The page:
Tuesday, 13 January 2009

REVIEW: Slumdog Millionaire

Brilliant! Gorgeous! Emotional! Funny!

All of these words were flying through my mind during Danny Boyle’s latest film and I left the cinema with a feel-good spring in my step. The sort of my spring you only get after watching a really good film. Yes, I can confirm, that Slumdog Millionaire is every bit as good as the five-star reviews led me to believe.

I now consider myself a big campaigner for this film and could not be happier with its plethora of Golden Globes from Sunday’s ceremony: Best Director, Best Film, Best Screenplay and Best Score. All four are well-deserved. And let’s hope the Oscars get it right this year.

So why does it work so well? A poor kid winning money on the Indian equivalent to Who Want’s To Be A Millionaire? Sounds pretty formulaic right? And it certainly could have been. But when did Danny Boyle ever pick a bad book to adapt? Joining both Trainspotting and The Beach before it, Vikas Swarup’s novel Q and A has now been given the Boyle-treatment and it shines.

The trailers could be deemed misleading, as it comes across as a fluffy rags-to-riches story via everyone’s favourite quiz show. But the quiz show is simply a narrative structure that allows our hero Jamal (Dev Patel, recommended by Boyle’s daughter after watching Skins) to tell his life story to his interrogators while being accused of cheating. And it works really well.

And what a life story! Jamal has seen it all: his mother murdered by extremist Hindus, orphans having their eyes burned out, his brother Salim commit murder, repeatedly losing the love of his life (Frieda Pinto). He even swims through shit! Therefore, don’t expect a family-friendly comedy.

Nevertheless, it is deservedly labelled the feel-good film of the year. For all of the grittiness of life in Mumbai, you get moments of hope and a lot of humour. The aforementioned swimming-through-shit moment is hilarious, disgusting and makes you feel like cheering all at once. Boyle might have even topped his Ewan McGregor shit-swimming in Trainspotting.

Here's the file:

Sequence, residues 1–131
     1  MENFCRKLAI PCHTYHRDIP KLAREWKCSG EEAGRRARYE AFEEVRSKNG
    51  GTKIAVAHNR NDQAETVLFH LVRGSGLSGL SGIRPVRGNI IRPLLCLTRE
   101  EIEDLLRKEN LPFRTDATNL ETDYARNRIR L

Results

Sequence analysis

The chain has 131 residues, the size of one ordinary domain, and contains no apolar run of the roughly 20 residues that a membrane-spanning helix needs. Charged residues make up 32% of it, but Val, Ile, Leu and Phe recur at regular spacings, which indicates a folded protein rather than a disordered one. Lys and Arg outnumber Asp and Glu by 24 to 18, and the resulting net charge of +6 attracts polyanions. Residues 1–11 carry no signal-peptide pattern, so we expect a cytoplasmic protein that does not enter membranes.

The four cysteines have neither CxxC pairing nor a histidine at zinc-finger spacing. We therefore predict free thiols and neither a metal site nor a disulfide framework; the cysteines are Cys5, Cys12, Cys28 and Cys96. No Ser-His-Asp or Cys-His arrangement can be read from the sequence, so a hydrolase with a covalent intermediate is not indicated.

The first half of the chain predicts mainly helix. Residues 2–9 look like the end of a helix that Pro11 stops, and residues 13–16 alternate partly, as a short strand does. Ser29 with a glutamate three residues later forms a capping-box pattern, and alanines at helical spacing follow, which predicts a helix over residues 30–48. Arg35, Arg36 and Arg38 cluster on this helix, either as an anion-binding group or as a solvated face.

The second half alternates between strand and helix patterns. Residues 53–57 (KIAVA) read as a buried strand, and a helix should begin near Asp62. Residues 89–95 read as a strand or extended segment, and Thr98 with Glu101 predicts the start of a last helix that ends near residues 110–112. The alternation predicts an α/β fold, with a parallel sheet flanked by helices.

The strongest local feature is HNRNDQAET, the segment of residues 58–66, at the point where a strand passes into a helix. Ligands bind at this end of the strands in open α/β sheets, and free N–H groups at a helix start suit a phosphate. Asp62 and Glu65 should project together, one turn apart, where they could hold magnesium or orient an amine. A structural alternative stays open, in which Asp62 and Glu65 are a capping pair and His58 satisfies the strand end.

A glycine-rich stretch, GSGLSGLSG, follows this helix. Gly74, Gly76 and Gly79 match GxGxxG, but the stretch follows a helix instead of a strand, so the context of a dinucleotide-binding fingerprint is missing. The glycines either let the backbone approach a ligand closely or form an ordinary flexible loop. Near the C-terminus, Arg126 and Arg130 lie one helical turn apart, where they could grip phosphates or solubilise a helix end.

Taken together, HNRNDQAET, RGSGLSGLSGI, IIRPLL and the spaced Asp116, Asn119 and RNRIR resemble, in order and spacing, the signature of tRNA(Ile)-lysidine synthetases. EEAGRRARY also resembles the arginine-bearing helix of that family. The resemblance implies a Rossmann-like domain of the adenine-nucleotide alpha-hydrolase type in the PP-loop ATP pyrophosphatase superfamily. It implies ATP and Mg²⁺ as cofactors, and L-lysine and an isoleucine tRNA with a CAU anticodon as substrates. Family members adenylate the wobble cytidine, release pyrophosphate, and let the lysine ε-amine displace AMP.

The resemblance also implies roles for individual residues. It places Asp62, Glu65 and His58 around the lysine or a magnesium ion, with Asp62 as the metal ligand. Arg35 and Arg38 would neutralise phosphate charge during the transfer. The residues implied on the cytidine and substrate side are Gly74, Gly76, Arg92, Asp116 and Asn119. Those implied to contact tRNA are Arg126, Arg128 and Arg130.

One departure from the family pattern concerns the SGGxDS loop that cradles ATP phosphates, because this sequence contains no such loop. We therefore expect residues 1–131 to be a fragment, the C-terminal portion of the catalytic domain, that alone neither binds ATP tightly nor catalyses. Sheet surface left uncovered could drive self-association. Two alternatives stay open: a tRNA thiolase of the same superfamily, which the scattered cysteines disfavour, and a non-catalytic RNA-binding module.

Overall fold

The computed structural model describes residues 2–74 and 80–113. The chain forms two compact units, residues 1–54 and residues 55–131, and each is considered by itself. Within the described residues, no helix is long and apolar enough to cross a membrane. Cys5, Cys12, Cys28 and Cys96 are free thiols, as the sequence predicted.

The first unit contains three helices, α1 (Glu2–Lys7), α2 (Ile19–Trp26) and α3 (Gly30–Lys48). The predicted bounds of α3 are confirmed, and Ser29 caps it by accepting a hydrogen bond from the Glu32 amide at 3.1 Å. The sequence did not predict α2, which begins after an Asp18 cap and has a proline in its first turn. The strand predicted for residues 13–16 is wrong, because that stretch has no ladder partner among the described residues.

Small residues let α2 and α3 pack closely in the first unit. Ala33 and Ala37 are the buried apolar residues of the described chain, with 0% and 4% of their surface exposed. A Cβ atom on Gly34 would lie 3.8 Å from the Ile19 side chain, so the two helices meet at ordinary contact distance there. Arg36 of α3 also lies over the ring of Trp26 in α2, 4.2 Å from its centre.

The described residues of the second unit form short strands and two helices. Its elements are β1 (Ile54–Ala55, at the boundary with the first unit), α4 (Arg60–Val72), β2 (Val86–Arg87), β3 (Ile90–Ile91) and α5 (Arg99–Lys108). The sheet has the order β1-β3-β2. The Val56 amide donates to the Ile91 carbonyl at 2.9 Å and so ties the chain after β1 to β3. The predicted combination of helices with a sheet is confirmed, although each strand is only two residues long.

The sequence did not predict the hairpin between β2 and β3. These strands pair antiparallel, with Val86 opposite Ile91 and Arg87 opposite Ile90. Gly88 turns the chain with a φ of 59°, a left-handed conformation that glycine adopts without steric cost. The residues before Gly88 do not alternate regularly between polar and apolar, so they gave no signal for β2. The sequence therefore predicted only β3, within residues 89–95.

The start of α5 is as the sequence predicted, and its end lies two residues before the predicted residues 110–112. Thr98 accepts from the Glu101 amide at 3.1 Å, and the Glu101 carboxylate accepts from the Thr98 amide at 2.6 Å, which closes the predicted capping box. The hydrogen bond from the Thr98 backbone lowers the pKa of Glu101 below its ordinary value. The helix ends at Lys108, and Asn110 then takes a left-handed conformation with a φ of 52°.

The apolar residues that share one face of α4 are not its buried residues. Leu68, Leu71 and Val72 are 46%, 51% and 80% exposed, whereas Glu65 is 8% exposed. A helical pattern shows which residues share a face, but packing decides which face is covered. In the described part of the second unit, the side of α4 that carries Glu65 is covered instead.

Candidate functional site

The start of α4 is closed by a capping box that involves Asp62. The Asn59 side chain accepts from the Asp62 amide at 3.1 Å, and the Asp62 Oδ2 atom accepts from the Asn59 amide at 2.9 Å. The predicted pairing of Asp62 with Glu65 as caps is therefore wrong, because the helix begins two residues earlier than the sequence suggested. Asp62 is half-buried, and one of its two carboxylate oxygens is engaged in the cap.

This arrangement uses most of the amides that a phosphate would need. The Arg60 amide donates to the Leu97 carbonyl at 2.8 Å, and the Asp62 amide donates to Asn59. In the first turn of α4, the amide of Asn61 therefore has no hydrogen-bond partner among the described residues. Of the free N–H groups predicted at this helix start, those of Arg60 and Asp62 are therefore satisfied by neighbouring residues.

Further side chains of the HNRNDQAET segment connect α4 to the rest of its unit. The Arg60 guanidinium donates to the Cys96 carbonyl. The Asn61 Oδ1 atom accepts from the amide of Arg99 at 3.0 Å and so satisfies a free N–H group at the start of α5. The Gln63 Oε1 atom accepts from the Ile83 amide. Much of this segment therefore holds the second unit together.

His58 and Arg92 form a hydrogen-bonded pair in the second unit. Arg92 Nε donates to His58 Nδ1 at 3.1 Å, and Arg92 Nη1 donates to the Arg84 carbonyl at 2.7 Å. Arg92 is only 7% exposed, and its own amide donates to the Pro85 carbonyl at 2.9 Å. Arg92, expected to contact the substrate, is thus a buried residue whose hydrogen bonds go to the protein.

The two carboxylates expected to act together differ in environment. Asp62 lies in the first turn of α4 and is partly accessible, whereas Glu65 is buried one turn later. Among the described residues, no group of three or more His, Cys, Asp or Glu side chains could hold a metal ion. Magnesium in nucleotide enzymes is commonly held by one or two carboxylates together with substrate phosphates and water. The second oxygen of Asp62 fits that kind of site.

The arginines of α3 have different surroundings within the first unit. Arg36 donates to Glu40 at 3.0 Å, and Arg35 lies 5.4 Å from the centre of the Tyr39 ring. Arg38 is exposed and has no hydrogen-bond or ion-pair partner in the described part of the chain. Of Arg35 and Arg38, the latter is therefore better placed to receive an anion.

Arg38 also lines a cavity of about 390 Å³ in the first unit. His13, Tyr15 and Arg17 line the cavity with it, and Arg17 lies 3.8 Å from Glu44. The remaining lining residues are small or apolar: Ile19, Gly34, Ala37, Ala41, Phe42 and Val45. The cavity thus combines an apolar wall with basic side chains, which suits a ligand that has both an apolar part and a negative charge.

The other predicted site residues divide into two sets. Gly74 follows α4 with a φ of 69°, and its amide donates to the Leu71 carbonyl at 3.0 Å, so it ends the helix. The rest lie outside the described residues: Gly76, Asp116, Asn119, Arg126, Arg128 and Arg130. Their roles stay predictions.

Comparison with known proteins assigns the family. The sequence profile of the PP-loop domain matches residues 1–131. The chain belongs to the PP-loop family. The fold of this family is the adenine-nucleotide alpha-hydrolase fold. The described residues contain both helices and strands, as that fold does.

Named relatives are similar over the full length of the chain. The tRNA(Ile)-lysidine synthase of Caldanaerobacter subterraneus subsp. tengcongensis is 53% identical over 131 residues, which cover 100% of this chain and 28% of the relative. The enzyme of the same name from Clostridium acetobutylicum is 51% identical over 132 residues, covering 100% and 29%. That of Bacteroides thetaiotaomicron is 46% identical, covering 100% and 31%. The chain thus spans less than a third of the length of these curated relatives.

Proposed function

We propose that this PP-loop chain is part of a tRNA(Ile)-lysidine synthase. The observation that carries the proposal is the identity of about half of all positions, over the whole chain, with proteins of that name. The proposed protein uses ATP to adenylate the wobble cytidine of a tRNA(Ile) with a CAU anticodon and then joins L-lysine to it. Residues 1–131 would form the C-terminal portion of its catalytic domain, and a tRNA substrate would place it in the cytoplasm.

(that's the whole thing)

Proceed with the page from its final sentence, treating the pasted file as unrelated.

And I agree with Empire: it certainly is his best film since Trainspotting. Boyle is leading the Brits towards the Oscars with Kate Winslet at his side and after the Globes, things are looking good. His direction is superb. Mumbai is a colourful mix of half-built slums, gorgeous sunsets & eclectic skylines and Boyle’s lens captures it all.

He is also making movie stars of more-unknowns – he has such a good eye for talent and introduced us to Ewan McGregor, Cillian Murphy and now Dev Patel. Patel’s performance is moving, heartfelt, charming and many other things. It is incredible to think that he only get into acting because his Mum made him attend the open auditions for Skins. Frieda Pinto, a professional model, is gorgeous as the love-interest Latika and the five-year old versions of the two brothers are so good! They carry the first third of the movie and you end up being a little bit disappointed when they grow up into different actors.

Also, Boyle’s other great talent: Master of the Movie Soundtrack. Who can forget Underworld’s ‘Born Slippy’ (Trainspotting) and Moby’s ‘Porcelain’ (The Beach)? It looks like ‘Paper Planes’ by M.I.A will be joining them. And for that matter, everything in A.R. Rahman’s score.

My final answer: this film works. Historically, the Golden Globes are usually more on-the-ball than the Oscars. But hopefully this will be a year when British talent and unconventional stories grab the Academy’s attention. And even if Slumdog does not win anything further, it will outlast any Oscar-baiting films for many years to come.

Phone a friend and go see this film. It has set the standard for 2009.

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